Meme Watch: Return of the Lucky Duckies
The Journal re-enters the tax-the-poor fray.
Chatterbox is excited to report that the Wall Street Journal has finally posted online its paradigm-shattering Nov. 20 editorial, "The Non-Taxpaying Class." This is the editorial that stated boldly that raising taxes on poor people was no longer something conservatives had to hide when it was an unavoidable consequence of cutting taxes on rich people. Say it loud, the Journal more or less proclaimed. I take money from poor people and I'm proud!
Chatterbox was beginning to suspect that the Journal regretted having run the editorial, which has been widely ridiculed for referring to people so poor that they pay little or no income tax as "lucky duckies." (See commentary by E.J. Dionne, Paul Krugman, Jonathan Chait, and Citizens for Tax Justice. Chatterbox laid out his own argument against raising taxes on poor people here and here and kicked off this meme watch here.)
But Chatterbox was wrong. The Journal weighs in today with "Lucky Duckies Again," a ringing defense of the tax-the-poor meme. Following the lead of Fox News Sunday's Tony Snow, the Journal editorialuses the tax-the-poor line to argue that the Bush tax cut is too redistributionist. (Click here to read Snow's Jan. 12 commentary. A. Tappen Soper made a similar argument in the Jan. 17 National Review Online.)
The Journal points out that Bush's biggest percentage tax reductions are for people who earn up to $40,000, who would pay 17 to 20 percent less, mainly because of an increase in the child credit. The smallest tax reductions are for people who earn in excess of $100,000, who would pay 11 percent less, mainly because of cuts in dividend and capital-gains taxes. (Click here for the Treasury Department's distribution table.) But it's no great feat to achieve a proportionally larger tax cut on people who aren't paying much income tax to begin with. The real question is why extravagant tax cuts for rich people, whose tax rates were just loweredin Bush's 2001 tax bill, should be necessary at all. Before you answer "stimulus," remember that two years ago Bush advocated a tax cut for the precise opposite reason—the booming economy was rendering federal tax coffers too flush, and the money needed to be returned before the guv'mint found a way to spend it. Now Bush's budget director says the tax cut will keep the federal budget in deficit for the next decade. This expectation, in turn, has required Bush's White House chief economics adviser (and tax-the-poor advocate) R. Glenn Hubbard to argue that deficits don't harm the economy, a position that, Berkeley economist Brad DeLong discovered, contradicts what Hubbard wrote in his textbook Money, the Financial System and the Economy. (DeLong further elaborates his argument here.)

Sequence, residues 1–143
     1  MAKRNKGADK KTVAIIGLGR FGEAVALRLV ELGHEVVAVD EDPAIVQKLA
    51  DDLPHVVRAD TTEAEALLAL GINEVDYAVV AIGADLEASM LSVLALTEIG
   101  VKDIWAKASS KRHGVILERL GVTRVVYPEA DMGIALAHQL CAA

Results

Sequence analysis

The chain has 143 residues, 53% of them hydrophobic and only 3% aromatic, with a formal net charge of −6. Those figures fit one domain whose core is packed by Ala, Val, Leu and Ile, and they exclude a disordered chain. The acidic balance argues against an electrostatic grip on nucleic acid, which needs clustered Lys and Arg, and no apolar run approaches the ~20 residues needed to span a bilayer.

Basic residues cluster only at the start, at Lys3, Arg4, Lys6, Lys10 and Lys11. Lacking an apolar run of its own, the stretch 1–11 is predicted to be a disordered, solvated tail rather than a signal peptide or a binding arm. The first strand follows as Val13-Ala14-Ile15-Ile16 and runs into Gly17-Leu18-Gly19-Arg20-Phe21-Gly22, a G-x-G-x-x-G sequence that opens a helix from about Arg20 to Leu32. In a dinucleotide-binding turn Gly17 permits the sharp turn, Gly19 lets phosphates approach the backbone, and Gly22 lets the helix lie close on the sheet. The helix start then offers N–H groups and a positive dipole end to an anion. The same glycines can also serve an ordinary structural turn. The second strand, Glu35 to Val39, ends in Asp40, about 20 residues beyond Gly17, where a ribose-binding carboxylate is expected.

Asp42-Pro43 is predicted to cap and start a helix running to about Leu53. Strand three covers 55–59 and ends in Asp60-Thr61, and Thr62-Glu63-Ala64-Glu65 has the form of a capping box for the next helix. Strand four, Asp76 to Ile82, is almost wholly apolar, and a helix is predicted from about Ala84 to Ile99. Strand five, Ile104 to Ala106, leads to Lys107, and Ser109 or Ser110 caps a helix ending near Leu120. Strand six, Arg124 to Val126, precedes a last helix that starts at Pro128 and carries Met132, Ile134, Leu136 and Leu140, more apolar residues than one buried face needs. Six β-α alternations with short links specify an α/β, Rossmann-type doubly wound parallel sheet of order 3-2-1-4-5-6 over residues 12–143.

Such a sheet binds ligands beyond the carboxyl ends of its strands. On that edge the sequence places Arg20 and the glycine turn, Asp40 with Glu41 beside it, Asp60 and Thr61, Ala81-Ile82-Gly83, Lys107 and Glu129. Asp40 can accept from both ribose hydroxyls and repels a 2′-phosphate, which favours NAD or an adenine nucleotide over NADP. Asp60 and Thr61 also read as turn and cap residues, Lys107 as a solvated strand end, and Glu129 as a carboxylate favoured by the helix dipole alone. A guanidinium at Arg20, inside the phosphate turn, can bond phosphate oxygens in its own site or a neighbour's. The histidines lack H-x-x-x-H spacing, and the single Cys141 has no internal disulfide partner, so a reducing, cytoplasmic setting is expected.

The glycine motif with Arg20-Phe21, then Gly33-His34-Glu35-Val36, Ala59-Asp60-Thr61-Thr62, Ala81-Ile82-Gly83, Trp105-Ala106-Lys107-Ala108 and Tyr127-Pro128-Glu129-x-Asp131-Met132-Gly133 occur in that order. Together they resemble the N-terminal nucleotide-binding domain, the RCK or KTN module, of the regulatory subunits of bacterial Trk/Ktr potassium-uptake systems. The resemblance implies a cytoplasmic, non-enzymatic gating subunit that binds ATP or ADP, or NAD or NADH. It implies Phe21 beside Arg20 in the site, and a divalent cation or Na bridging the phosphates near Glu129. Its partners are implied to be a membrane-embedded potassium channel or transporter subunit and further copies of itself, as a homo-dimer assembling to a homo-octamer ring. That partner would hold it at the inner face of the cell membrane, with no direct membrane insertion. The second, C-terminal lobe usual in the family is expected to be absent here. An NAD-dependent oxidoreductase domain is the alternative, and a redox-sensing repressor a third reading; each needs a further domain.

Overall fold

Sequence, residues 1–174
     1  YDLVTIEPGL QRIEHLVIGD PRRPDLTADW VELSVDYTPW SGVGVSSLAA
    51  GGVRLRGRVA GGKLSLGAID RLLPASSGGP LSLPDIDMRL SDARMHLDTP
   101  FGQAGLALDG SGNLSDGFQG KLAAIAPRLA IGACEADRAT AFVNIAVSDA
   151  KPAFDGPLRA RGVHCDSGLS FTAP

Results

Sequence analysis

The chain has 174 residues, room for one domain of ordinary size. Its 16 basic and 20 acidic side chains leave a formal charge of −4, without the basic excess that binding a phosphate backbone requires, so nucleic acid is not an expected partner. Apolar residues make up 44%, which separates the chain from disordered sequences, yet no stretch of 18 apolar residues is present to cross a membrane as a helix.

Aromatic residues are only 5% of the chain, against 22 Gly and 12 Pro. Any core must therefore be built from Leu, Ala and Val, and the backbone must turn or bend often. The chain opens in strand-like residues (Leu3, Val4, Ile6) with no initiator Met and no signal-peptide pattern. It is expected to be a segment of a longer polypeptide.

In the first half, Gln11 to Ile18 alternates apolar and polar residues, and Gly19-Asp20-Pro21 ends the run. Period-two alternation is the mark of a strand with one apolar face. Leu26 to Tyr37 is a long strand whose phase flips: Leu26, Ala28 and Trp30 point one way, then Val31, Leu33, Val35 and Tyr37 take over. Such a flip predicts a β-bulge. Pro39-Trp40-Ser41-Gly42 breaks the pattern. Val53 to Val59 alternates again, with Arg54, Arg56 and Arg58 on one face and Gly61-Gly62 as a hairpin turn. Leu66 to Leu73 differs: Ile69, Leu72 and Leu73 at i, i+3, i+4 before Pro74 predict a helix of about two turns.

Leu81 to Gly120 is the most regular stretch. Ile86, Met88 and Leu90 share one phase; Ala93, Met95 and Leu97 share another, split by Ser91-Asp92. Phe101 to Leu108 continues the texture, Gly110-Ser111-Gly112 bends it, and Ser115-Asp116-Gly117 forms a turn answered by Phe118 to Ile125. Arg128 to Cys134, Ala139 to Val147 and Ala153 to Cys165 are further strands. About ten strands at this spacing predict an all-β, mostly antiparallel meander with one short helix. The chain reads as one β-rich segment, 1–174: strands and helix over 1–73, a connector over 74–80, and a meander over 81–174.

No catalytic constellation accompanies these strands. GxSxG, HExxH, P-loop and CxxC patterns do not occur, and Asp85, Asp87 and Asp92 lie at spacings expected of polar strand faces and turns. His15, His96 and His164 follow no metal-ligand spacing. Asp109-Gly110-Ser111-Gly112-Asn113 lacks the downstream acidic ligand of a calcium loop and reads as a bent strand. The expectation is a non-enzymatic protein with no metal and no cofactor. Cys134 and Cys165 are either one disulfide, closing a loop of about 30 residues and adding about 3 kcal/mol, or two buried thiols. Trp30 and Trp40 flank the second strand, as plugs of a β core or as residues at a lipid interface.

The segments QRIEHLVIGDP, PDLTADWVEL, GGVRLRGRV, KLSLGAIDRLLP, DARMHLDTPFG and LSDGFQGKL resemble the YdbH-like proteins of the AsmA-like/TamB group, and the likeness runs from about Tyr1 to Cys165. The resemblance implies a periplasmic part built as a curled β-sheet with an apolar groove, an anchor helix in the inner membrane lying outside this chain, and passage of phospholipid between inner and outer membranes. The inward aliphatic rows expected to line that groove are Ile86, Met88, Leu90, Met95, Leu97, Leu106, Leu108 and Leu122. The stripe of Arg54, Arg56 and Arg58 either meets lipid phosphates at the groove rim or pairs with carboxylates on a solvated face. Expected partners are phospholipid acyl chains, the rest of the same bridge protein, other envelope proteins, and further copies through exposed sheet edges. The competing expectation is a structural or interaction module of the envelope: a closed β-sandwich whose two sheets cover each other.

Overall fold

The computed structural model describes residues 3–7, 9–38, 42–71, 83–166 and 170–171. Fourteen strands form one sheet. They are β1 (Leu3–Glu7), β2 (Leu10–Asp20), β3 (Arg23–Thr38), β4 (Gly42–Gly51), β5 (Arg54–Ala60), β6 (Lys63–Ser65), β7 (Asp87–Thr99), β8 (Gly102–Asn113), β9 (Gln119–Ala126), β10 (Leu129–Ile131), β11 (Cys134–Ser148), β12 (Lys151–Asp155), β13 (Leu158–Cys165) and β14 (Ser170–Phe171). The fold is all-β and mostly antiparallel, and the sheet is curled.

And, oh yes, Bush's former Treasury secretary says the tax cut is unnecessary. But we digress.